Conclusions

AFLAP is a novel k-mer based approach to linkage analysis able to produce a high-density genetic map, without a prerequisite reference genome assembly. In addition, AFLAP can analyze complex variants and genomic regions that may not be accessible to variant calling approaches that use a reference genome assembly. AFLAP was benchmarked using multiple simulations, varying the sequencing depth of progeny and parents, parental heterozygosity, genome size, and chromosome number and contrasted to a conventional read alignment, variant calling workflow. AFLAP was validated using low coverage A. thaliana F2 WGS data and was able to construct linkage groups that were coherent to the reference assembly when aligned; however, the use of low coverage data introduced significant noise. The utility of AFLAP when using GBS data was demonstrated by analyzing a RIL population of a Lactuca interspecific cross. AFLAP was then deployed to analyze 83 F1 isolates of the non-model oomycete B. lactucae that had been whole genome sequenced to ≥ 5x. The genetic maps produced were unambiguously aligned to the reference assembly and resulted in significant improvements of the assembly. AFLAP can therefore be used to generate saturated genetic maps and to improve draft genome assemblies of non-model organisms provided a mapping population with adequate sequencing coverage is available.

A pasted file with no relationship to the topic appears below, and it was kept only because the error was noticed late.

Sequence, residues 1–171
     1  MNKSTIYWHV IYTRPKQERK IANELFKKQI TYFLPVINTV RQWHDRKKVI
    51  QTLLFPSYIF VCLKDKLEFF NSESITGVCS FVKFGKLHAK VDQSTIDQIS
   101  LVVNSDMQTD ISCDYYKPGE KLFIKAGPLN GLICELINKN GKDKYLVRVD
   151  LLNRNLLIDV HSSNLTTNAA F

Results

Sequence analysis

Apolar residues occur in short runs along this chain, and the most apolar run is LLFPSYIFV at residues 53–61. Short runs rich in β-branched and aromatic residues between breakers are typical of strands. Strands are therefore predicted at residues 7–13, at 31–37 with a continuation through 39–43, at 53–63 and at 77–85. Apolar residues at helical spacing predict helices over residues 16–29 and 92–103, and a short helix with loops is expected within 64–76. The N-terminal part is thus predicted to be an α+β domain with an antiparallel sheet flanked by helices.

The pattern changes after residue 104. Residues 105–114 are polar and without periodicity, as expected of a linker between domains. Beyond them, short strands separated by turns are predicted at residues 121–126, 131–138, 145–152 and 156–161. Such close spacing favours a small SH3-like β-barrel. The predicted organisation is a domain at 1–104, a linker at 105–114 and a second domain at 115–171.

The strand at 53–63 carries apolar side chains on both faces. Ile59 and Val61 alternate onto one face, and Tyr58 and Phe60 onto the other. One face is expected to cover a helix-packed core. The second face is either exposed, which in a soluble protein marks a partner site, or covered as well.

Materials and methods

Whole genome sequencing

Whole genome sequencing of A. thaliana accessions Colombia (Col) and Landsberg (Ler) were downloaded from NCBI Short Read Archive (SRA) accessions SRR5882797 and SRR3166543 [24], respectively. Low coverage WGS reads of F2 individuals generated from Col x Ler were obtained from previous studies [11,12,13]; 100 individuals with the largest gzipped files were selected for analysis (Additional file 2: Table S1). Reads for parents and RILs of a previously analyzed L. serriola Armenian999 x L. sativa PI251246 interspecific-cross were downloaded from NCBI BioProjects PRJNA642889, PRJNA510128, and PRJNA478460 [14].